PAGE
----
On Necromancy and Claims against Managers of a Company in Liquidation

On Necromancy and Claims against Managers of a Company in Liquidation

Doron Afik, Esq.
February 8, 2020

"10 Let no one be found among you who sacrifices their son or daughter in the fire, who practices divination or sorcery, interprets omens, engages in witchcraft, 11 or casts spells, or who is a medium or spiritist or who consults the dead." states the Book Deuteronomy, Chapter XIX. But what if the dead is a company? A person serves as a director of a company, finishes his duties and continues his other pursuits. 15 years later, the company enters liquidation and the liquidator files a claim on the grounds of negligence in management many years ago. Sounds far-fetched? Not necessarily!

“And in this faithlessness the hand of the officials and chief men has been foremost.” (Book of Ezra 9,2) - In December 2019, the Israeli Supreme Court issued a holding allowing a claim against a manager of a company in liquidation for actions that took place 15 to 22 years before the claim was filed. The liquidator filed at the end of 2017, five years after his appointment as liquidator and 7 years after the company entered into liquidation proceedings, a claim against former executives alleging that the company was fraudulently managed by them, or that they at least were negligent and took unreasonable risk, in the years 1996-2002 (i.e. 15-22 years earlier). The Supreme Court held that indeed the Israeli Statute of Limitation block any claim, other than in real estate, after 7 years, but a claim does not begin to mature until the holder of the right of claim knew or should have known of it. In the case of a corporation in liquidation, insofar as prior to the liquidation process organs of the corporation “whose hands were not in this unfaithfulness” did not know of the facts raising the claim against the other officers and such facts could not have been discovered with due diligence of an "innocent" organ prior to the liquidation, the Statute of Limitations would not begin to be counted until the date the liquidator knew, or could have known, of the cause of action. This applies even if, in another situation, the Statute of Limitations had already lapsed when the corporation entered liquidation.

In contrast, in a holding given by the Tel Aviv Economic Court in February, 2020, the Court surprisingly ignored the caselaw set only a few months earlier by the Supreme Court, but reached a similar conclusion. In that case, a trustee for debentures was appointed as a liquidator of the company and after two years filed a claim against former directors of the company for breach of fiduciary duty and the duty of care 9 to 13 years before the claim was filed. The Court rejected the claim without going into its merits because, at the time of filing for creditors' meetings and a trustee appointment to formulate a settlement in 2011, the debenture holders (or their trustee) knew of the grounds for the claim and thus appointment of the liquidator does not reset the Statute of Limitations.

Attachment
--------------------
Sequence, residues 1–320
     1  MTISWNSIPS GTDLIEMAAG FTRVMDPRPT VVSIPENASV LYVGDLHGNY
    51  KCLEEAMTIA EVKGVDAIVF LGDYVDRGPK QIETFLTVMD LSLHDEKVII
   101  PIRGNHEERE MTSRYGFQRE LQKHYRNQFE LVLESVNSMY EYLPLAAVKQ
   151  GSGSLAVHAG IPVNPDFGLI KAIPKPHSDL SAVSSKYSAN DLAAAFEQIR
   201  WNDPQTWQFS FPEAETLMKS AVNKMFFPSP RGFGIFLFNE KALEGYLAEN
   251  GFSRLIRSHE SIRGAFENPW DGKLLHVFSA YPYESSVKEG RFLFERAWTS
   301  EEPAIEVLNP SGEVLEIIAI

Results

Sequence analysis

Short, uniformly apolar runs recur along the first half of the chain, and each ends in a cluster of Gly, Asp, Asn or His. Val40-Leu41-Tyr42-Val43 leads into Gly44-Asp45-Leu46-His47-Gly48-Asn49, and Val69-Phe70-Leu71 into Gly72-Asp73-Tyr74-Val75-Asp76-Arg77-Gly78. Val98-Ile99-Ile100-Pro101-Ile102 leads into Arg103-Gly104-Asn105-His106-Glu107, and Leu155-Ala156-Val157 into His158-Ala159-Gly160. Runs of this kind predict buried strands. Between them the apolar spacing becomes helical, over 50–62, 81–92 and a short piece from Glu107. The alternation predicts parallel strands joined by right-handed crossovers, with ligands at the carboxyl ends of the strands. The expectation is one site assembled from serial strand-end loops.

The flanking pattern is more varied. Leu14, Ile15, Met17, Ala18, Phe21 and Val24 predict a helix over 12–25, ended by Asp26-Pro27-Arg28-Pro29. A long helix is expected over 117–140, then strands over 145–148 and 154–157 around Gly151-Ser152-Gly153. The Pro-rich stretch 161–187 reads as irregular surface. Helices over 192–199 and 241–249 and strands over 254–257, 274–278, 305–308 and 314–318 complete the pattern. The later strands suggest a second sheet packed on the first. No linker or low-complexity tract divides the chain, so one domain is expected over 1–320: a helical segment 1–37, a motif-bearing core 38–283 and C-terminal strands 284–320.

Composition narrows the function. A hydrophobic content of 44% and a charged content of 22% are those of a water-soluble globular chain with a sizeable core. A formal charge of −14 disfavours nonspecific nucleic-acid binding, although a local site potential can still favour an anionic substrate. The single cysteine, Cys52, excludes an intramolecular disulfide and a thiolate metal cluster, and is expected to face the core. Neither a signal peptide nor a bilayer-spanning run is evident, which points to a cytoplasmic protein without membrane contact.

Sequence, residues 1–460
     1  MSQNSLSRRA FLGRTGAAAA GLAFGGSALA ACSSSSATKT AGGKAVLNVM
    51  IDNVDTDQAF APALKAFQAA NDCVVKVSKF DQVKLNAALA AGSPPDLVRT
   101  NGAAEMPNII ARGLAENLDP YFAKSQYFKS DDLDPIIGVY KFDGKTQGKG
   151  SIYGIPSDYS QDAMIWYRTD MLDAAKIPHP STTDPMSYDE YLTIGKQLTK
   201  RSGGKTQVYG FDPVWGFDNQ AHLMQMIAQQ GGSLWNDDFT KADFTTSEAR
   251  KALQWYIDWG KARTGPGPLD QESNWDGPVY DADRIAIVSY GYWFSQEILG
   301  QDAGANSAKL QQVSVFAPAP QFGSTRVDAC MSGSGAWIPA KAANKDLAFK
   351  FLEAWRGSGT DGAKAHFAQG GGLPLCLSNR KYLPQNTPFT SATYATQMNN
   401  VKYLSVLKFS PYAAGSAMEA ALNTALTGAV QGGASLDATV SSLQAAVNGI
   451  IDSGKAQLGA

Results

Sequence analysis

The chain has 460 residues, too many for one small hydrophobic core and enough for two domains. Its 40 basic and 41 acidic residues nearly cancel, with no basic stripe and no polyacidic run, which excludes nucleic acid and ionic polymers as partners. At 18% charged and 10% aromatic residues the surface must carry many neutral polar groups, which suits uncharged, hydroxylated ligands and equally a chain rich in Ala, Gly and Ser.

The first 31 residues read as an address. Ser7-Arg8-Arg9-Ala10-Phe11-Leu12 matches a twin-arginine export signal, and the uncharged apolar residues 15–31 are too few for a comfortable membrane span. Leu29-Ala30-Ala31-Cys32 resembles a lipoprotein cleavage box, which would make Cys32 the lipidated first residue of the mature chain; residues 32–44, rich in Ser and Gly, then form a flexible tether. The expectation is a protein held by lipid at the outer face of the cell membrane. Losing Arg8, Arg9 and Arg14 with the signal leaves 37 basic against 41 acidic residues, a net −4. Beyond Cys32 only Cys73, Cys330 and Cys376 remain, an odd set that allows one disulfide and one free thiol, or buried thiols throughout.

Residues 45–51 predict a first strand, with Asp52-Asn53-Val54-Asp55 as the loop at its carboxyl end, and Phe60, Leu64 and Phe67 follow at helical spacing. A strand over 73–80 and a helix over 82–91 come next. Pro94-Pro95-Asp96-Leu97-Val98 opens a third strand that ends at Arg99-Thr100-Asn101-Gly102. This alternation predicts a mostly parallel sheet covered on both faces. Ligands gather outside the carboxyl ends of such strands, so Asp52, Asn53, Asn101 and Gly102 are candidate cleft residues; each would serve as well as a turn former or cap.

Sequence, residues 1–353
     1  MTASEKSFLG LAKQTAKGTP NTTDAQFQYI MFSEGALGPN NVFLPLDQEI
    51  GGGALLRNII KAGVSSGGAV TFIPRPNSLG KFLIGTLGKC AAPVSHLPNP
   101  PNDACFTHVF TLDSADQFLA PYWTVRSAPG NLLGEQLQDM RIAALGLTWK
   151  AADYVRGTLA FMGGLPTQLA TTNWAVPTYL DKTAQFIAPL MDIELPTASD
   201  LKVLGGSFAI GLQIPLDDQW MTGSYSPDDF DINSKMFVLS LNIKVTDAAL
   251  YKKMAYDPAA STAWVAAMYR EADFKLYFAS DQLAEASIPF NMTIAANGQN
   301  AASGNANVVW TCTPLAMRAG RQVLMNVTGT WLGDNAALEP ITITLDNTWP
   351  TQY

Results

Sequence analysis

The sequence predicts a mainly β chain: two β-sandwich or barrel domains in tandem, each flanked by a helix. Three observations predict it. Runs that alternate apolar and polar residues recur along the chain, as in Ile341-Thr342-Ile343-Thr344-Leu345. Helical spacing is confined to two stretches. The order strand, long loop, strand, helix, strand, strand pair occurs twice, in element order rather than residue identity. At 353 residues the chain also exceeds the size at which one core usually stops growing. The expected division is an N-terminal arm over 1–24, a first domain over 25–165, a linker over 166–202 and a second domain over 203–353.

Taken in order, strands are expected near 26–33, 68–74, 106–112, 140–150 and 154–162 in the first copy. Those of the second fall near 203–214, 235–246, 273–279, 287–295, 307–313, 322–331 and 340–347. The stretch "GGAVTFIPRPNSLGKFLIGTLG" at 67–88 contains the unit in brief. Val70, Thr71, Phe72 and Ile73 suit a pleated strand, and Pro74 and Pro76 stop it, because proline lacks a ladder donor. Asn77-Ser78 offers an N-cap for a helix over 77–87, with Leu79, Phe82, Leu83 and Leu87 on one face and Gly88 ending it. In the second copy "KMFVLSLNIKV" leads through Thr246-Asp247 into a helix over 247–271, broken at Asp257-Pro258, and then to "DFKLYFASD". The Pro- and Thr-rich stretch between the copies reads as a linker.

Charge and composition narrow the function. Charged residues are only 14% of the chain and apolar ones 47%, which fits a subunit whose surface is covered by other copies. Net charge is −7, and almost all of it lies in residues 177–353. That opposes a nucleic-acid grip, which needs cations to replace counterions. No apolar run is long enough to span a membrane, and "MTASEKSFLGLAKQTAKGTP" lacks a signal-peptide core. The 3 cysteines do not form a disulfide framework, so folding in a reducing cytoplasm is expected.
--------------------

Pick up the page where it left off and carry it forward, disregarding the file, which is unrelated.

If I were cynical I would say that if you intend to steal money from the company you run, you should make sure that an innocent third party knows about it, so that entry into liquidation after seven years will not reset the Statute of Limitations. Without the cynicism, it should be noted that when a company enters into liquidation it is important that the former managers cooperate with the liquidator. In the Supreme Court's holding, a contention of undue delay was raised. The manager contended that the liquidator (like many other liquidators who are appointed but linger months and years in their work because the Official Receiver and the Courts do not really properly supervise the operation of liquidators in Israel) lingered for over 3 years between the directors' investigation and the filing, but the Court rejected the contention due to lack of co-operation of the managers with the liquidator, which delayed the process of clarification of the relevant facts required to file the claim. Thus, it is important to cooperate with an appointed liquidator, inter alia in order to prevent the ability to file lawsuits later, and in any case, it is important for executives to be represented by attorneys who specialize in the field and can assist already from the initial stage of the liquidation process and not only when a lawsuit is filed against the directors, sometimes months or many years later.